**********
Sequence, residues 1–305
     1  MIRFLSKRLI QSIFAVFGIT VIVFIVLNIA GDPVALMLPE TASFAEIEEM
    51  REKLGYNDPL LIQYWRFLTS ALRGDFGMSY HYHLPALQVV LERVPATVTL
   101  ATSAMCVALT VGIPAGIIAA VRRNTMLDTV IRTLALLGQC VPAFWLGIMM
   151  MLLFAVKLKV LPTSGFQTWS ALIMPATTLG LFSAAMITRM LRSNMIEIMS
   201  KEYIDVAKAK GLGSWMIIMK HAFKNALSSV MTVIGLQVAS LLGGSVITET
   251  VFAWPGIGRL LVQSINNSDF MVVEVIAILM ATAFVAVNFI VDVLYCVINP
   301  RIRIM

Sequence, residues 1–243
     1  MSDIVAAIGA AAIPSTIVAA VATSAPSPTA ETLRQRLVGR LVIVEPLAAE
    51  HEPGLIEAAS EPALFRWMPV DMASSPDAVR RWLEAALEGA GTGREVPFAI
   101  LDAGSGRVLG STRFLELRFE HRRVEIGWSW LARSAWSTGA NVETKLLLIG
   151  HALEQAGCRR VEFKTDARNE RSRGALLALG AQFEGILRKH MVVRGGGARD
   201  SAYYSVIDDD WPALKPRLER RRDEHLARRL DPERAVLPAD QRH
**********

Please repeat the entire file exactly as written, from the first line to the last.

Sequence, residues 1–305
     1  MIRFLSKRLI QSIFAVFGIT VIVFIVLNIA GDPVALMLPE TASFAEIEEM
    51  REKLGYNDPL LIQYWRFLTS ALRGDFGMSY HYHLPALQVV LERVPATVTL
   101  ATSAMCVALT VGIPAGIIAA VRRNTMLDTV IRTLALLGQC VPAFWLGIMM
   151  MLLFAVKLKV LPTSGFQTWS ALIMPATTLG LFSAAMITRM LRSNMIEIMS
   201  KEYIDVAKAK GLGSWMIIMK HAFKNALSSV MTVIGLQVAS LLGGSVITET
   251  VFAWPGIGRL LVQSINNSDF MVVEVIAILM ATAFVAVNFI VDVLYCVINP
   301  RIRIM

Sequence, residues 1–243
     1  MSDIVAAIGA AAIPSTIVAA VATSAPSPTA ETLRQRLVGR LVIVEPLAAE
    51  HEPGLIEAAS EPALFRWMPV DMASSPDAVR RWLEAALEGA GTGREVPFAI
   101  LDAGSGRVLG STRFLELRFE HRRVEIGWSW LARSAWSTGA NVETKLLLIG
   151  HALEQAGCRR VEFKTDARNE RSRGALLALG AQFEGILRKH MVVRGGGARD
   201  SAYYSVIDDD WPALKPRLER RRDEHLARRL DPERAVLPAD QRH